The Field Museum boasts a large collection of natural history artifacts, including the largest, most complete skeleton of a T. Rex, and permanent exhibits on Africa and women in science. The museum's newest permanent exhibit, "Underground Adventure," allows visitors to walk through a soil ecosystem as if they were one-thousandth of their normal size. Admission is $7 for adults and $4 for children, seniors, and students with valid ID. Admission is free every Wednesday.

Goodman Theatre
200 S. Columbus St.
Chicago's first and largest no t-for-profit theater, the Goodman is in many ways the backbone of the Chicago theater scene. In 1992, it won a Special Tony Award for Outstanding Regional Theatre.

John G. Shedd Aquarium
1200 S. Lake Shore Dr.
The world's largest indoor aquarium, the Shedd Aquarium houses nearly 8,000 aquatic animals. The largest attraction in the museum is the Oceanarium, an exhibit that recreates the ocean habitat of the Pacific Northwest. Visitors can attend educational shows that demonstrate the natural behaviors of marine mammals. Admission is $10 for adults, $8 for children, and free for senior citizens.

Museum of Contemporary Art
220 E. Chicago Ave.
Since the MCA made its home in a new building in June 1996, it has become another major landmark on Chicago's museum landscape. The MCA displays art created after 1945, and is one of the nation's largest venues for contemporary art. Admission is $6.50 for adults and $4 for students and seniors. The museum is free the first Tuesday of the month.

Museum of Science and Industry
57th Street and Lake Shore Dr.
The Museum of Science and Industry is the oldest hands-on, interactive science museum in the Western Hemisphere. Some of its most popular permanent exhibitions include a Boeing 727 that visitors can walk through, a WWII captured German submarine, a working coal-mine shaft elevator from 1933, and the world's first permanent exhibit on AIDS/HIV. The museum is huge, so it is best to study a floor plan and allocate your time here carefully. Admission is $7 for adults, $6 for seniors, and $3.50 for children. The museum is free on Thursdays, and combination tickets that include Omnimax shows are available.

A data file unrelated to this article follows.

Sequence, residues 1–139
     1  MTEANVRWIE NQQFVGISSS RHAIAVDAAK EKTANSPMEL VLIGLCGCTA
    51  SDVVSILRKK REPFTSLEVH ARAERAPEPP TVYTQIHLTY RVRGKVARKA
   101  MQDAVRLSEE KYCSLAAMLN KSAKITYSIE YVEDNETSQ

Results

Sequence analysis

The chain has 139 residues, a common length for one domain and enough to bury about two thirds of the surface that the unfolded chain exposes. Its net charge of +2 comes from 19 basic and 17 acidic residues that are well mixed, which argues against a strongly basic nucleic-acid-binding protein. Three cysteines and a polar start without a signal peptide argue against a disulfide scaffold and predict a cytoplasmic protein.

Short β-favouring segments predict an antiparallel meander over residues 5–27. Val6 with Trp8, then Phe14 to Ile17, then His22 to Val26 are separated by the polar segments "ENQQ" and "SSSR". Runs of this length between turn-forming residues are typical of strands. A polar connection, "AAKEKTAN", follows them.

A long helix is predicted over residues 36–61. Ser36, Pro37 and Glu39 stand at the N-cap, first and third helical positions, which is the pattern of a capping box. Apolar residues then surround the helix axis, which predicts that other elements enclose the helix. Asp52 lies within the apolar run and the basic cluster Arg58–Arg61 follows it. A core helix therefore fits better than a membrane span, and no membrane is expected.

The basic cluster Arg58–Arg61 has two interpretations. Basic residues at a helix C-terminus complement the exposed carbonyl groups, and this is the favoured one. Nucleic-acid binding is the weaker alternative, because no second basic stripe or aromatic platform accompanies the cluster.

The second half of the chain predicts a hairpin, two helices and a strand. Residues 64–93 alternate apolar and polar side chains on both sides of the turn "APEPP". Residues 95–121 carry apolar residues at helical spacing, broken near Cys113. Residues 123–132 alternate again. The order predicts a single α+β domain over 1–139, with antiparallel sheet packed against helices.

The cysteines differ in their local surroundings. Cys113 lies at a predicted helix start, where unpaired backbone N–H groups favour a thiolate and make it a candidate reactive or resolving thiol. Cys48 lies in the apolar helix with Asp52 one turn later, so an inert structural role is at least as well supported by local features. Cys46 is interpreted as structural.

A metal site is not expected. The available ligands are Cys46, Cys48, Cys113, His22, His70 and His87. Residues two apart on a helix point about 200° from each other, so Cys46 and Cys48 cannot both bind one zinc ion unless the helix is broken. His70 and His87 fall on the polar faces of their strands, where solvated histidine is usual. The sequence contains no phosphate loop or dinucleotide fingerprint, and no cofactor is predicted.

5153 N. Ashland
A Chicago original, the Neo-Futurists were an ensemble created for the 1988 premier of Too Much Light Makes the Baby Go Blind, an ongoing attempt to perform 30 plays in 60 minutes. Since it opened, the show has become a Chicago staple, with new performances every weekend. This is not your typical theater experience; ticket price is based on the roll of a die, and when they sell out the 154-seat theater, they order a pizza--extra large.

Peggy Notebaert Nature Museum
2060 N. Clark St.
Chicago's newest museum, the Academy of Science's Nature Museum, encourages understanding the natural world through hands-on learning experiences. Permanent exhibits include Butterfly Haven, City Science, and several outdoor exhibits that take advantage of the museum's Lincoln Park location.

Royal George Theatre
1641 N. Halsted St.
A major theater complex since its construction in 1986, the Royal George offers three stages, and has been the chosen venue for many major Midwest premieres, as well as the long-running Forever Plaid.